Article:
But neither Ridge nor Chertoff was on the stage in Cleveland Monday night. Instead we saw former New York Mayor Rudy Giuliani shouting about "Islamic extremist terrorism" without offering a single policy suggestion for how to tackle the problem other than committing the United States to "unconditional victory" over its enemies and to "securing our borders." He would have done well to read Loy before mouthing such meaningless platitudes.

Quieter, though more disturbing, was the presentation by Texas congressman Michael McCaul, who as chairman of the House Homeland Security Committee is one of the country's senior political leaders on the issue. Yet the best he could offer was that "we need to end sanctuary cities, keep dangerous people out of the country, and secure our borders once and for all." (To which the delegates responded enthusiastically with chants of "Build the Wall.")

He repeated the growing GOP silliness that all the United States needs to do is "cut through the suffocating political correctness and call the threat what it really is—he enemy is radical Islam."

McCaul knows better. In a sophisticated, bipartisan brief produced by the committee staff in September 2015, McCaul and his colleagues quite properly warned that the terrorist threat had morphed into a different challenge than was present during the Bush administration.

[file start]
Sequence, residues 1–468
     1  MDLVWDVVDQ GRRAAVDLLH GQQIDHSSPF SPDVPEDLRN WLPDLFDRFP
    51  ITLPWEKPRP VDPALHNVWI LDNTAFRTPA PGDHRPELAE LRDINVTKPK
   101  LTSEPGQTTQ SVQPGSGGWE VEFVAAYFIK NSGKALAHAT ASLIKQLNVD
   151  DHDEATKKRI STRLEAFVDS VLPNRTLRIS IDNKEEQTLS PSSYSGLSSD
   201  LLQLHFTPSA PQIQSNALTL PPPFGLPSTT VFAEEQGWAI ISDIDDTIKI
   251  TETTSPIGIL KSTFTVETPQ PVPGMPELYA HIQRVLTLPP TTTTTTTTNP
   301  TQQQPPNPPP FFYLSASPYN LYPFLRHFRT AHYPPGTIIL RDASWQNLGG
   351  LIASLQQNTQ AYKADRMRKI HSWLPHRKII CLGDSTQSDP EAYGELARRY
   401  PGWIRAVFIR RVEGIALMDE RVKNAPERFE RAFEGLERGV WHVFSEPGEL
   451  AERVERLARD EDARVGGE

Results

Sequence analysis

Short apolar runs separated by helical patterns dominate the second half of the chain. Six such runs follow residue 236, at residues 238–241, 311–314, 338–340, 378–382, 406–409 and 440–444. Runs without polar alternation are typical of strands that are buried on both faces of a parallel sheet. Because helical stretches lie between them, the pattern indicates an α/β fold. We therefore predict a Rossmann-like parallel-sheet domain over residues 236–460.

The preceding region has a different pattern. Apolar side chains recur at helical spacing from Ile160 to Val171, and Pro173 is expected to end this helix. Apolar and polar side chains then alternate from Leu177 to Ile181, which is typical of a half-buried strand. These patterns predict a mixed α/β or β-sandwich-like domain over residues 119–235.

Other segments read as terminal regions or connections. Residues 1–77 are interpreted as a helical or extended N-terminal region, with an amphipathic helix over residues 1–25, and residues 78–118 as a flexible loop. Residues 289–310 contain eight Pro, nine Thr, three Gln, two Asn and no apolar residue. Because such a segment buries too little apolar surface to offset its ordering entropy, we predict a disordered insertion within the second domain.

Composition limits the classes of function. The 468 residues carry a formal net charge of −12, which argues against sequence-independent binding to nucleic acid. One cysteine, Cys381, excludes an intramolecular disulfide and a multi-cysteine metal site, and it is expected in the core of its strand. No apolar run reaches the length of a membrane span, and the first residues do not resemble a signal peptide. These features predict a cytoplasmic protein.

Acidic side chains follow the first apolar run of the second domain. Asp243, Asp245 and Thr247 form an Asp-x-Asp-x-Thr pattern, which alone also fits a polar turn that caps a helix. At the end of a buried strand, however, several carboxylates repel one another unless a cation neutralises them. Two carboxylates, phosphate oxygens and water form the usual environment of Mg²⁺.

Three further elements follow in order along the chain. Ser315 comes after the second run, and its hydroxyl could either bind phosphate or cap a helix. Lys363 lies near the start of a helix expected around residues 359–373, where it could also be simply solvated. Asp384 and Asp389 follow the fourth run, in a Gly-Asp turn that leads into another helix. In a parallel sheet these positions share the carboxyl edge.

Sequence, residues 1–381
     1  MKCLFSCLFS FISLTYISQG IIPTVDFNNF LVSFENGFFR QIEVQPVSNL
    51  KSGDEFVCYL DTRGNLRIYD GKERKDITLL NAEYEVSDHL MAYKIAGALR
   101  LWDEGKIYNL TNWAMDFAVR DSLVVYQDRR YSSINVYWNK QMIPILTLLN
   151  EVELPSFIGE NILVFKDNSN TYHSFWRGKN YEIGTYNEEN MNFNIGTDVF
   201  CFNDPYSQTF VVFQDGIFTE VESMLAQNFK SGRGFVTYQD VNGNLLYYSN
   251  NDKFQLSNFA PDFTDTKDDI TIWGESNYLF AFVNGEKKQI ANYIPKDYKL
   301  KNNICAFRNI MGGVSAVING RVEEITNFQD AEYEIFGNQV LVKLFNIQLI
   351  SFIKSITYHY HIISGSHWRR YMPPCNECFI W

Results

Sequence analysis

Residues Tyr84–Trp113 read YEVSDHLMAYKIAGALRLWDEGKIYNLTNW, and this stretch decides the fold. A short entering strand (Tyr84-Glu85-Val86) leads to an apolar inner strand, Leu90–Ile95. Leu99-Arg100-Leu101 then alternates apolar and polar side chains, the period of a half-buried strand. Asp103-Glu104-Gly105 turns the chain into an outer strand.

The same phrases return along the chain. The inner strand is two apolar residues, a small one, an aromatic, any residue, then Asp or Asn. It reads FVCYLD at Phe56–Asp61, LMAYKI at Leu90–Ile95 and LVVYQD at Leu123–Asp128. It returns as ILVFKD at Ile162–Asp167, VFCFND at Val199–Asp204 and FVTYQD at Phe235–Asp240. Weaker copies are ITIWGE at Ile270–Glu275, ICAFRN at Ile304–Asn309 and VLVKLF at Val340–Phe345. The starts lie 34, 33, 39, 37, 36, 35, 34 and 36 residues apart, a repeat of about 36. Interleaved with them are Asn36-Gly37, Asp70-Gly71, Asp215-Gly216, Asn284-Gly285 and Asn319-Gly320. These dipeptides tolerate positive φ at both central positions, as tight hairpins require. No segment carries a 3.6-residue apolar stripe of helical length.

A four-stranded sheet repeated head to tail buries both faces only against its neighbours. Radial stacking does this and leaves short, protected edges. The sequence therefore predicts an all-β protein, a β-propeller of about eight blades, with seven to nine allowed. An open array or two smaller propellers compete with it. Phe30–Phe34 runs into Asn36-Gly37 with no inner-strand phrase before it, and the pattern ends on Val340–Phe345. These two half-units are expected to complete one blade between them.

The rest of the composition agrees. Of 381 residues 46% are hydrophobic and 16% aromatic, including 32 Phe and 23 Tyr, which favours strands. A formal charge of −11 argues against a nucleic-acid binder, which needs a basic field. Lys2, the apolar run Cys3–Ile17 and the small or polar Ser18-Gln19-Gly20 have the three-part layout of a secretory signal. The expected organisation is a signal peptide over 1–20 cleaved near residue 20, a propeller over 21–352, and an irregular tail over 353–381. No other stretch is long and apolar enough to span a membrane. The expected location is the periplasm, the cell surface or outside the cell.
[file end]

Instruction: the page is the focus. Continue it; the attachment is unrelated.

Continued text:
In the place of Al-Qaeda, which sought to carry out large attacks on symbolic targets, ISIS has either organized or inspired smaller attacks on random groups of defenseless civilians.

The report called for such sensible and overdue measures as an updated U.S. strategy to block terrorist travel, a global database of foreign fighters, early intervention to target those who might be radicalized and improved information-sharing with foreign allies. It even made important nods to civil liberties, such as calling for better balancing of "due process and national security concerns" for those targeted on "no-fly" lists.

Nowhere in the document is there any suggestion that ending "sanctuary cities" or building Donald Trump's border wall would do anything to make Americans safer. And nowhere in the document does the phrase "radical Islam" appear.

The Republicans' abdication of their own intellectual heritage on homeland security has consequences far beyond the party. While there are some fine Democratic homeland security leaders—including the current Secretary of Homeland Security Jeh Johnson—many Democratic politicians and interest groups remain far more concerned about the negative impacts of homeland security on civil liberties or immigration than they are about the security challenges.

Responsible Republican leadership is vital if the United States is going to develop the sophisticated strategies needed to identify, target and thwart terrorist plots, of which there will surely be many more in the coming years.

But the Republican Party has abandoned any pretense that it can develop or offer real solutions to hard problems. The result—regardless of the outcome in November—will be a weaker, more vulnerable United States.

Edward Alden is the Bernard L. Schwartz senior fellow at the Council on Foreign Relations.